From the Top
Kyla Moscovich loves playing jazz: "I think the music is wonderful and I always have so much fun playing it. You can interact with people in so many ways."
Trumpet player Kyla Moscovich, 15, studies at the Pre-college Division of the Manhattan School of Music. In addition to being a great classical musician, she loves playing jazz. "My dad plays trumpet and I grew up going to jazz concerts and jazz clubs," she says. Moscovich also sings, plays piano and percussion, and loves to dance and play sports. "I like to do so many things," she says, "but I hope to ultimately go in the direction of music as long as I can balance it all out." She plays "With Strength and Vigor" by Kent Kennan, with host Christopher O'Riley at the piano.
Andi Zhou, 16, started playing piano when he was 6, but it was not love at first encounter. "For the longest time, it was just my mother pushing me along," he says. Around sixth grade, Zhou started looking at piano in a new way, and before long he was hooked. Now an accomplished musician, he's a student at the New England Conservatory Preparatory School. Like O'Riley, Zhou also enjoys making his own piano arrangements of popular songs. He plays "Parlors" and "Parties" from the Gatsby Etudes by John Harbison.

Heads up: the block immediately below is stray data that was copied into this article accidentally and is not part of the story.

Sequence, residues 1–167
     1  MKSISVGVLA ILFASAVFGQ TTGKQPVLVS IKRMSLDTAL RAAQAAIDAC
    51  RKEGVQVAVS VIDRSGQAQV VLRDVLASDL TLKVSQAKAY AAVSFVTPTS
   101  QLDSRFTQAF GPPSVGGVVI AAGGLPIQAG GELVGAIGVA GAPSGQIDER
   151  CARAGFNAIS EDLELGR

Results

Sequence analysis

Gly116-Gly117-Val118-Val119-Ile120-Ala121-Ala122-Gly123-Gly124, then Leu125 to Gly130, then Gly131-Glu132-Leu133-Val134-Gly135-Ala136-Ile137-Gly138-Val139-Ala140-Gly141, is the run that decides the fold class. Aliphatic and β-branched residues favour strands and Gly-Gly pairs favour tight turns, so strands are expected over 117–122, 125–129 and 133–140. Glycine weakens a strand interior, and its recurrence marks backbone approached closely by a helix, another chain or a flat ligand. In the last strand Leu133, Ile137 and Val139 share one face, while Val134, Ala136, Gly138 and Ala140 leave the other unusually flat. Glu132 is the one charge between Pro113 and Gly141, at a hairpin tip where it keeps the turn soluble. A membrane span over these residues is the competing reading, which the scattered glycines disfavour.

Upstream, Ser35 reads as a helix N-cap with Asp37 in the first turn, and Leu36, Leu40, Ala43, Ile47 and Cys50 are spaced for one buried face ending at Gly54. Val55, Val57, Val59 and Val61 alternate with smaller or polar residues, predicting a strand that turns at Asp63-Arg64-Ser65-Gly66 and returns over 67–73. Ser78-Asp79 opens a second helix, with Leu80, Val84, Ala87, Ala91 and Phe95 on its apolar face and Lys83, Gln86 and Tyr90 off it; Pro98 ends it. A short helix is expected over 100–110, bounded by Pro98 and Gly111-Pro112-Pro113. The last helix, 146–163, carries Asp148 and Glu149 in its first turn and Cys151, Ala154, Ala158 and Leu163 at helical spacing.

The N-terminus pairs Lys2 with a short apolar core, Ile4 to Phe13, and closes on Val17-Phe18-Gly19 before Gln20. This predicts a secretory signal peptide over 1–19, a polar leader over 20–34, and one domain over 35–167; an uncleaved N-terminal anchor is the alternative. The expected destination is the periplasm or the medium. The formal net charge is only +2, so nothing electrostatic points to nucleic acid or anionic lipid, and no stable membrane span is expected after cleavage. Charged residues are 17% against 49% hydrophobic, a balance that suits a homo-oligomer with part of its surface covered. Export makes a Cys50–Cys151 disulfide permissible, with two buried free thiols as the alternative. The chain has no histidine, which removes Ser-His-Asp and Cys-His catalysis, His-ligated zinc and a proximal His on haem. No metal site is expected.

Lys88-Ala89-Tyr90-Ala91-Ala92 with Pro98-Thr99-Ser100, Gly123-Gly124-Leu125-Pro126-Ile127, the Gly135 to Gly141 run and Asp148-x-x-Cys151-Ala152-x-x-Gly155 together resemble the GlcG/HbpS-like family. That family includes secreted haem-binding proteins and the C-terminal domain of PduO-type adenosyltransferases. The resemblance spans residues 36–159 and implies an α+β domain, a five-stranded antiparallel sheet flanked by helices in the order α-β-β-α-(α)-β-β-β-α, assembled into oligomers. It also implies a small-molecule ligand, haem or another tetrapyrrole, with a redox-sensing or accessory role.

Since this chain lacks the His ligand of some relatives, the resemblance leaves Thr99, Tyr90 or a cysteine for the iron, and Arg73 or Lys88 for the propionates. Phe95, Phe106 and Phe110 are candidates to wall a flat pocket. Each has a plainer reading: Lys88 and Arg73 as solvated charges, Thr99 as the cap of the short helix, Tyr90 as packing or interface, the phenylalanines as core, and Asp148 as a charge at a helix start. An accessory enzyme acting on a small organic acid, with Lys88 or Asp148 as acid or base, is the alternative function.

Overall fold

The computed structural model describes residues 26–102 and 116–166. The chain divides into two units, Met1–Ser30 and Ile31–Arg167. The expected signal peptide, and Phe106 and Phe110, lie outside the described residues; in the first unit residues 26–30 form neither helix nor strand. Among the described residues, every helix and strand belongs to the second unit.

When Patrick McGuire, 17, was little, he loved the music from the children's TV show Little Bear. So when it came time for him to choose a stringed instrument in the third grade, he recalled that it was a cello playing the Little Bear theme, and decided to take up that instrument. These days, he studies cello at the Walnut Hill School, an arts boarding school in Natick, Mass. With O'Riley providing the "orchestral" accompaniment on the piano, McGuire plays the slow movement from Schumann's Cello Concerto.
The Afinado Quintet is composed of flutist Priscilla Wadsworth, 17; oboist Lauren Halyo, 16; clarinetist John Diodati, 16; bassoonist Matt Sachs; and French horn player Cynthia Simpson, 17, all of whom attended the Boston University Tanglewood Institute last summer. "Everyone was put into chamber groups, and we just happened to be put together," says Simpson. The five players clicked immediately and became great friends over the course of the summer. The quintet plays two movements from Paul Hindemith's Kleine Kammermusik.
At 13, violinist Elizabeth Basoff-Darskaia is the youngest student enrolled at the Curtis Institute of Music in Philadelphia. Basoff-Darskaia started playing violin when she was 6, but had a fascination with it from the time she was 3. "I saw a picture of a violin in a magazine and I heard someone playing on the radio," she recalls. "I liked the body and I especially loved the sound."
Once Basoff-Darskaia got hold of her own violin, there was no stopping her. To this day, there's nothing she would rather do than play violin. "Music is fun for me," she says. "It's like going to Disneyland." She plays the Hungarian Dance No. 5 by Johannes Brahms.